General Legal Proceedings in Customs and Foreign Trade

You will be confronted with endless provisions when dealing with customs and foreign trade. It’s not easy to keep up and then with all of the changes and amendments to the provisions, it can be overwhelming.

European customs laws are based on international law, such as parameters set by the World Trade Organization (WTO) or the treaty closed within the World Customs Organization (WCO). The latter mentioned has increasing impact on EU law.

Since May 1, 2016, the Union Customs Codex (UCC) is used for the entire EU as is the corresponding implemented act (delegated act to the UCC, UCC-DA and the implemented act to the UCC, UCC-IA). The customs laws are fully harmonized within the EU. That means that the EU parliament and council laws are mostly in the form of regulations, adopted in form by customs law and binding in all member countries.

As opposed to many other regulations, these regulations concerning customs law do not need to be first reinterpreted according the legal standards of various member countries. This is especially advantageous when changes are implemented: As these changes must be immediately implemented in all member countries as soon as the the EU publishes such changes in the Official Journal.

Prior to the introduction of the UCC on May 1, 2016, the Customs Codex (CC) was used, which was specifically accompanied by the Customs Codex-Implementation Requirements. Many references, especially those regarding legal statements and comments, come from the older laws found in the Customs Codex.

There are still many national requirements Supplementary to the European law, such as the Customs Administration Law (ZollVG) and Customs Administration (ZollV), which originate from the time prior to the use of UCC and even from before the use of the CC from back in 1992. The legal hierarchy is clear that the EU laws have authority over national requirements, so that national law is void if conflicting with EU law. Customs law has clear non-legal hierarchal legal structures as opposed to other areas such as VAT law. Additionally the AWG (Foreign Trade and Payments Act)  and the AWV (Foreign Trade and Payments Ordinance) play an important role in national regulations and procedures for export. The AWG and AWV define the specific requirements for export for dual-use goods and for general export controlling. Since these are national requirements, they are only applicable within Germany.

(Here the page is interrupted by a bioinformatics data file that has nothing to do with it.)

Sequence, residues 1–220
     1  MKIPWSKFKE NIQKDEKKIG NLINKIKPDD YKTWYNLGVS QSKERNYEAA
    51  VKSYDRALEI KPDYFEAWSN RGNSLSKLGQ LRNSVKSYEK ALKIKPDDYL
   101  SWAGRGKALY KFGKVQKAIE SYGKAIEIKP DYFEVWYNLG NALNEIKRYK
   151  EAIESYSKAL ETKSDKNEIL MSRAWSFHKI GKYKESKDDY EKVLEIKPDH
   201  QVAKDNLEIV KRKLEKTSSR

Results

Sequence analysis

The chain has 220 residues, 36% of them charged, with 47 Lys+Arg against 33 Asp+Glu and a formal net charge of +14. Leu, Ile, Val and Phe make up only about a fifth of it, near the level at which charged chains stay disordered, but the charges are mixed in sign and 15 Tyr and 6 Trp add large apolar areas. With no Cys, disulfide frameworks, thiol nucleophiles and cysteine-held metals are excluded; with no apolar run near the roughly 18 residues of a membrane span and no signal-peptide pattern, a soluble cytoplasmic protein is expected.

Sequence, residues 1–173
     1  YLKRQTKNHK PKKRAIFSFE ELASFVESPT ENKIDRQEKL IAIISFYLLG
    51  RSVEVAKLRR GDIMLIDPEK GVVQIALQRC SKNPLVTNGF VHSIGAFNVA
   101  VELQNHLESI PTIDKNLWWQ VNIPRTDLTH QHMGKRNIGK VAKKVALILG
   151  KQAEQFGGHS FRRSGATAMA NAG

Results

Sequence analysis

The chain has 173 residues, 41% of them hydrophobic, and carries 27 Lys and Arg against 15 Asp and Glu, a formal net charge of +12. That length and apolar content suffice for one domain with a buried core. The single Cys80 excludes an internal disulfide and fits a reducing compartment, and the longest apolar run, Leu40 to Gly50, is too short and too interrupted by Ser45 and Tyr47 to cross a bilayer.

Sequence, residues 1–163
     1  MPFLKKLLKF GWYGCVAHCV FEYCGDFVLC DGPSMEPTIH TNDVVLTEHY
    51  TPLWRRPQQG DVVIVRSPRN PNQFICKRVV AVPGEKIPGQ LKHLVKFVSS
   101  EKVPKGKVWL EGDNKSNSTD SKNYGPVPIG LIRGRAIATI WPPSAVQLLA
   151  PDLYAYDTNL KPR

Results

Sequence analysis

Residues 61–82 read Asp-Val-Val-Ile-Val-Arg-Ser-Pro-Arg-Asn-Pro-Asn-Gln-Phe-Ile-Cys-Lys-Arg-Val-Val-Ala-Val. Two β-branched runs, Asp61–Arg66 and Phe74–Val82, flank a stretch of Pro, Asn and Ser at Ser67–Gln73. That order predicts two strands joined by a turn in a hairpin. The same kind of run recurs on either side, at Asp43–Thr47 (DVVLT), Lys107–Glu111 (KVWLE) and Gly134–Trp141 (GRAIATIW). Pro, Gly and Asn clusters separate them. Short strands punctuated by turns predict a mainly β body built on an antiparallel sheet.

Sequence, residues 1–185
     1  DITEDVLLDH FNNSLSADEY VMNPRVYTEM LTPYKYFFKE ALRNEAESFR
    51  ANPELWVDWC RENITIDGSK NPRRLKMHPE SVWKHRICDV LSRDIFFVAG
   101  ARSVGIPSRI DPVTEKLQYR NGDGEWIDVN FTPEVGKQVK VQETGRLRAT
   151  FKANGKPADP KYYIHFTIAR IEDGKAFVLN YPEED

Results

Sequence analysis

VAT law plays in important role here as well, since the levied customs duties is always the precursor to import taxes. VAT law is defined based on the national requirements of each member state respectively according to the Directive on the VAT System (MwStSystRl).

The VAT directives contain both mandatory as well as optional requirements. Some rules will soon have to be transferred to national law; others only have authority in those member countries accordingly required by the VAT directives. On the one hand, this makes the VAT a functioning system, i.e. in deliveries within the union, but on the other hand it leads to completely different legal implications depending on the member country.

An example of this is the fiscal representation as an optional requirement in such countries as Germany, the Netherlands, Austria, Poland and Slovenia, in other EU countries there are no procedures in place for fiscal representation in the respective national VAT law.


Do you have questions about our services? Just send us an e-mail or call us - your personal contact will be glad to answer your questions.

Heidenkampsweg 81
20097 Hamburg

Tel .: +49 (40) 8000 50-500

Emergency call after 6 pm:
+49 (160) 90 60 63 58